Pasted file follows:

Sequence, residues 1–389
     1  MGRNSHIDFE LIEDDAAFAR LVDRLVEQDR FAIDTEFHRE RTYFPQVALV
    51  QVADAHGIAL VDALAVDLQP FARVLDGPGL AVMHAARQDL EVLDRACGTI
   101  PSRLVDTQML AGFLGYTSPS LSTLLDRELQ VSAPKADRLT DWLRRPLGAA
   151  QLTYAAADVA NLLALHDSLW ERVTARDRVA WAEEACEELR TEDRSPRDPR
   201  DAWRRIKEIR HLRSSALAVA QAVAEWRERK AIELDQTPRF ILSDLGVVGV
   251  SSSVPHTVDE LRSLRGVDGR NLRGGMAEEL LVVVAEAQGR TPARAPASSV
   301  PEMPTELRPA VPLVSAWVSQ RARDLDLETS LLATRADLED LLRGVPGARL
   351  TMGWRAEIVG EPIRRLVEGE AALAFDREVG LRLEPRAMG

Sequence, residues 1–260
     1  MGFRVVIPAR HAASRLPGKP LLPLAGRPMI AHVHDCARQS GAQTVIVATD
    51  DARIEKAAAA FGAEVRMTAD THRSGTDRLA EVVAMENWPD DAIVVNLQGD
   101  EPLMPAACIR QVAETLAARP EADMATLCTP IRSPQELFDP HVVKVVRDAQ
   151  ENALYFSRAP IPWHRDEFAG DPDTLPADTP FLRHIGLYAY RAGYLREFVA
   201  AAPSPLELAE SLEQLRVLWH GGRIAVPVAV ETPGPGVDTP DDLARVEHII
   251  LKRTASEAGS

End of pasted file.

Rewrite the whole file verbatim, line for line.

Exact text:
Sequence, residues 1–389
     1  MGRNSHIDFE LIEDDAAFAR LVDRLVEQDR FAIDTEFHRE RTYFPQVALV
    51  QVADAHGIAL VDALAVDLQP FARVLDGPGL AVMHAARQDL EVLDRACGTI
   101  PSRLVDTQML AGFLGYTSPS LSTLLDRELQ VSAPKADRLT DWLRRPLGAA
   151  QLTYAAADVA NLLALHDSLW ERVTARDRVA WAEEACEELR TEDRSPRDPR
   201  DAWRRIKEIR HLRSSALAVA QAVAEWRERK AIELDQTPRF ILSDLGVVGV
   251  SSSVPHTVDE LRSLRGVDGR NLRGGMAEEL LVVVAEAQGR TPARAPASSV
   301  PEMPTELRPA VPLVSAWVSQ RARDLDLETS LLATRADLED LLRGVPGARL
   351  TMGWRAEIVG EPIRRLVEGE AALAFDREVG LRLEPRAMG

Sequence, residues 1–260
     1  MGFRVVIPAR HAASRLPGKP LLPLAGRPMI AHVHDCARQS GAQTVIVATD
    51  DARIEKAAAA FGAEVRMTAD THRSGTDRLA EVVAMENWPD DAIVVNLQGD
   101  EPLMPAACIR QVAETLAARP EADMATLCTP IRSPQELFDP HVVKVVRDAQ
   151  ENALYFSRAP IPWHRDEFAG DPDTLPADTP FLRHIGLYAY RAGYLREFVA
   201  AAPSPLELAE SLEQLRVLWH GGRIAVPVAV ETPGPGVDTP DDLARVEHII
   251  LKRTASEAGS